Building Belmont’s future

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Building Belmont's Future

 About the Project

The Town of Belmont is partnering with the Metropolitan Area Planning Council (MAPC), the regional planning agency for Greater Boston, and Metro West Collaborative Development, to update the town’s current Housing Production Plan (HPP) and launch a preliminary visioning process that will likely inform a future Comprehensive Plan. Together, the HPP and vision will help the community better understand local constraints and opportunities for development and collectively plan for the future. These plans will also guide anticipated future planning efforts, which will work to address the housing needs and demands documented in the HPP, in ways that align with the community’s vision.


Fall 2022

    1. Form HPP Subcommittee
    2. Collect and analyze data on housing needs
    3. Town wide engagement event about housing needs

Winter 2022/2023

    1. Town wide engagement about  housing opportunities and the relationship between housing and other community priorities

Winter 2023

    1. Analyze housing development constraints and opportunities
    2. Town wide engagement event about housing goals, strategies, and opportunities

~ May 2023

    1. Final Housing Production Plan and draft community vision

Upcoming Events

Stay tuned for upcoming events!

Previous Events

Belmont Housing Production Plan Public Forum | November 3, 2022

Housing Production Plan


Belmont HPP Livability and Quality of Life Visioning

The Building Belmont’s Future HPP process will also include a community visioning exercise that will illustrate how livability principles can be incorporated into Belmont’s housing and land use goals and enhance quality of life.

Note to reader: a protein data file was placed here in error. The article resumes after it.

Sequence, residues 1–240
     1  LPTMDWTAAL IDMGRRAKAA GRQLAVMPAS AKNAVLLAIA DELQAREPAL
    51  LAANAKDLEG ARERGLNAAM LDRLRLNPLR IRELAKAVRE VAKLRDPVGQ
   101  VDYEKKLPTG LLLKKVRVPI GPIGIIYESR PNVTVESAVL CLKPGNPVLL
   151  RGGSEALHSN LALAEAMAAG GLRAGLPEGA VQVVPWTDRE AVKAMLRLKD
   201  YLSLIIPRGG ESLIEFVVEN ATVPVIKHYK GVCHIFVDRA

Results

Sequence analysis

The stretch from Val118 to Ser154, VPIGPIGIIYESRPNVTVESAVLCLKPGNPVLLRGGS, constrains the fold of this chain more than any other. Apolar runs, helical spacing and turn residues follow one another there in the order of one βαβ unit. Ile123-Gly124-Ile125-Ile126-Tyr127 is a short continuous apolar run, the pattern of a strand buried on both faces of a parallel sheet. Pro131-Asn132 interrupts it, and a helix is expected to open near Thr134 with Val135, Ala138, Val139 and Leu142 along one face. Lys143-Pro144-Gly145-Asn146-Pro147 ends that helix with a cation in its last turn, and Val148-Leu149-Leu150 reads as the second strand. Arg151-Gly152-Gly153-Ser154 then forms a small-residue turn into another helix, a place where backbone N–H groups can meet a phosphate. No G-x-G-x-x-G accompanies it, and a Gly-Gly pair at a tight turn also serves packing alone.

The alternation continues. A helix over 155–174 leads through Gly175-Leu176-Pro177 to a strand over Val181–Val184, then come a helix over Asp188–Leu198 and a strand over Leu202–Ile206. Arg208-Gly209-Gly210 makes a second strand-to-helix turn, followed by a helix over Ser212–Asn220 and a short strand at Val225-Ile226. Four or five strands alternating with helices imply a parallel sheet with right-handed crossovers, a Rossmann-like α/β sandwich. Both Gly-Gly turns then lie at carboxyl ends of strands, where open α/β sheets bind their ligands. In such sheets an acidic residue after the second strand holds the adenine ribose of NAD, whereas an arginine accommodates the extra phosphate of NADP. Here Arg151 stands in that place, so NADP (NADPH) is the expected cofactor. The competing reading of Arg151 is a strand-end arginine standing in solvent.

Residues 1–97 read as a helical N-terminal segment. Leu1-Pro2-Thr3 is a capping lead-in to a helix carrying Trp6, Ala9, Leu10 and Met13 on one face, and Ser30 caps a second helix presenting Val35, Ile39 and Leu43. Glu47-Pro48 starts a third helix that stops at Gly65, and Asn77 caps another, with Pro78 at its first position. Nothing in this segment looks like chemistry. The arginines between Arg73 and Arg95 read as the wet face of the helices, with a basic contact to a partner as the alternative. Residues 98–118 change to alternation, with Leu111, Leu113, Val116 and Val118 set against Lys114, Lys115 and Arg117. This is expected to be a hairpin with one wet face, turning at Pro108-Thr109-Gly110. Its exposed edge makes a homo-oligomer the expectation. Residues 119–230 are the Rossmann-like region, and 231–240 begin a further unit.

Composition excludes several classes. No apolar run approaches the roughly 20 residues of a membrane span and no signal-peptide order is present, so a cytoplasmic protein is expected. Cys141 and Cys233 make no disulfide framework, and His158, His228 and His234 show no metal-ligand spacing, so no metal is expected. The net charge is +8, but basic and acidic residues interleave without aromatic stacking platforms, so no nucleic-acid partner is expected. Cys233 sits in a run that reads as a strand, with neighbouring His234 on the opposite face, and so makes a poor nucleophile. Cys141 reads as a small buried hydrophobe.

A community visioning is a collaborative process designed to give people who live, work, and play in a place the opportunity to exchange ideas, values, and goals that articulate a shared vision of what they want their community to be like in the future.

AARP defines a livable community as one that is safe and secure, has affordable and appropriate housing options and offers supportive and essential community features and services that allow residents of all ages and backgrounds to thrive. These include mixed-use zoning and multimodal transportation options that provide access to essential businesses, such as grocery stores as well as learning and job opportunities. Livable communities also include parks and public gathering spaces that provide physical and psychological health benefits to residents and strengthen communities. AARP’s Livability Index uses seven categorical principles to identify key elements to measure and clearly define livability. The seven categories are neighborhood, housing, transportation, environment, health, engagement, and opportunity.